This post adverts the recent shift in the habitat-related lynx distribution for usage of openings and the lynx reaction to get back to forest in connection with the considerable changes in the wolf number in Naliboki Forest.
In the book “Unknown Eurasian lynx Lynx lynx: New findings on the species ecology and behaviour” by Vadim Sidorovich, Jan Gouwy and Irina Rotenko (2019) we have stated that the pattern of habitat usage by lynxes is characterized by the absolute preference for forested biotopes. It is mainly formed by the on-going interference with wolves, because a lynx that is in an opening, without the possibility to climb trees to escape an attack, may be killed by wolves. Indeed, in an opening a lynx, which is overtaken by wolves (a wolf is a better runner for a fairly long distance), has a little chance to survive. Lynxes know this and avoid large openings in forested terrains, where wolves are common.
The first time this hypothesis appeared during stay in Hiiumaa island in Estonia in the late 1990s, when the lynx was common and the wolf was rare there. At that time, in Hiiumaa, two-thirds of the lynx tracks found were situated in openings among the forest. Those openings originated from the former marshlands, and the open structure included roads and drainage canals with willow bushes and a few birtch trees nearby. Lynxes mostly walked at the opening edges there, at the border of the forest. But there were many lynx tracks crossing the openings as well. At that time in Hiiumaa we registered numerous lynx hunt-watching and resting sites in the middle of an opening somewhere at a drainage canal near a willow bush or more frequently on hay piles. All categories of lynxes, not only adult males, but also mothers with kittens and subadults visited these openings in Hiiumaa rather often.
Before the winter 2018-2019 in Naliboki Forest, which has a very similar structure in its terrains, we registered such lynx behaviour very rarely compared to Hiiumaa’s terrain, only a few times per year. In those rare cases, only adult males took the liberty to walk in an opening, but never far away from the forested edges (not further than 50 meters). Only once during more than 30 years in Naliboki Forest, we registered a crossing of a fairly wide opening (about 400 meters) by an adult male lynx.
Another example confirming our hypothesis, was found in the Krasny Bor terrain of Paazierre Forest. In the 1980s, lynxes and wolves were both common there, and lynxes were only very rare visitors of the open habitats. Quite opposite, in the period from the late 1990s to 2016, the heavy eradication of wolves was on-going year-round, so wolves became rare in Krasny Bor. Following this, in effect, lynxes began visiting vast sparsely forested terrains at the west side of Krasny Bor rather often; in that area the lynx tracks became commoner than in the densely forested localities of the terrain.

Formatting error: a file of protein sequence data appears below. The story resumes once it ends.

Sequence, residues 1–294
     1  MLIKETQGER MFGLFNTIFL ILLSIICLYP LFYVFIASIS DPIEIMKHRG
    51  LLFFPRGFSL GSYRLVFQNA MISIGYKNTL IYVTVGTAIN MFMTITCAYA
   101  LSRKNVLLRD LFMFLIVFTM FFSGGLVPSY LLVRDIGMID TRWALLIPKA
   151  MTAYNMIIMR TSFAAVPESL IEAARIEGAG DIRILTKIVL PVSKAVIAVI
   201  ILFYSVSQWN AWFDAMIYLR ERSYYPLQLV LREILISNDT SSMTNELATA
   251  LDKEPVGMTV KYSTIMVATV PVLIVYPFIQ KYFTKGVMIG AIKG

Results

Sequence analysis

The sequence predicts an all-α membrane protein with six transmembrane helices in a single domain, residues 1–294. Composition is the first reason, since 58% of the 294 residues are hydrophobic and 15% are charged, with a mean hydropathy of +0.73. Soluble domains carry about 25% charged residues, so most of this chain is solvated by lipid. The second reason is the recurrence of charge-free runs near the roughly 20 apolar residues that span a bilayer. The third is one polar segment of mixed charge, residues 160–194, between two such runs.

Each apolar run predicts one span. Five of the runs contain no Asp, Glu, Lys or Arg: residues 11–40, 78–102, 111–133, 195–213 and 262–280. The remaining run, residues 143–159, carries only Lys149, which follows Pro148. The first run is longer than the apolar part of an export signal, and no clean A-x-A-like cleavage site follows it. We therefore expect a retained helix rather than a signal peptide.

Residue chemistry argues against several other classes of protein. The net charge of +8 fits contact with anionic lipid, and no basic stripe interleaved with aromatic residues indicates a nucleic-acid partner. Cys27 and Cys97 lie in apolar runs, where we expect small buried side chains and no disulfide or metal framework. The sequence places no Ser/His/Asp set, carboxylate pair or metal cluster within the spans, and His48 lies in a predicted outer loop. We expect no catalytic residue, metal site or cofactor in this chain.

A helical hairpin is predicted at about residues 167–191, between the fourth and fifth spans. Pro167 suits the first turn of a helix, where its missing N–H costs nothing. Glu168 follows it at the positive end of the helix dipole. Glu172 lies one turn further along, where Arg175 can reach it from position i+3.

During the last several years in Naliboki Forest in the dramatic effect of direct and indirect impacts of lynxes on the wolf reproduction (killing of pups and heavily pregnant female wolves, wolf breeders emigration for denning) the number of wolves in the terrain in the period from May to February declined markedly. From the beginning of November 2018 till the late January 2019 resulting of the above lynx impact and higher pressure on wolves by hunters there were 15 to 20 wolves only in the area about 2700 km2 in Naliboki Forest and its rural-forest surroundings (see the wolf distribution map for the early January 2019). This period in many localities wolf presence was not registered at all. As to the number of lynxes it was higher than 100, and lynxes were easily registered in all the localities.
Having this interesting situation, we (Vadim Sidorovich, Jan Gouwy, Sanne Van Den Berge, Maximilian Hetzer, Siege Van Ballaert and Reinhardt Strubbe) tried to investigate the possible changes in the lynx distribution by camera-trapping (about 70 of them were applied) and by snowtracking. Indeed, besides of camera-trap registrations of lynxes within openings, we have found a number of stay of lynxes in the large open habitats that are common in Naliboki Forest. Lynx track registrations and snowtracking revealed 17 fairly long presence of lynxes within large openings for the tracking distance of 1.4 up to about 10 km. In the three registered cases that was mothers with 2 and 3 kittens. Lynx walking mostly in openings for 3-5 km was quite typical in that situation in Naliboki Forest. They seemingly tried to hunt and mark a lot by urine in the openings. Mostly those are former large swamps that were drained in the Soviet time and them abandoned by human. Nowadays, such mostly open habitats consist of abandoned peatery, a lot of meadows with willow bushes, drainage canals with some silver birches and black alders as well as some agriculture. Open grassy marshes and inundated areas are typical for the abandoned peateries.
By the mid-February 2019 in Naliboki Forest a lot of stranger wolves have arrived to take part in the mating. The number of wolves in this terrain got 40 to 60 and their presence appeared to be frequent in all the localities. In this returned situation, when wolves got common again, lynxes have switched their stay for forest habitats again, and this switch in habitat usage has happened surprisingly fast.
Thus, the above-described pattern in the lynx behaviour suggests one more time a great importance of lynx-wolf interference for the lynx distribution and habitat usage. Also, that demonstrates a high adaptability of the lynx, because the species able to trace effectively the situation in progress and change its behaviour beneficially.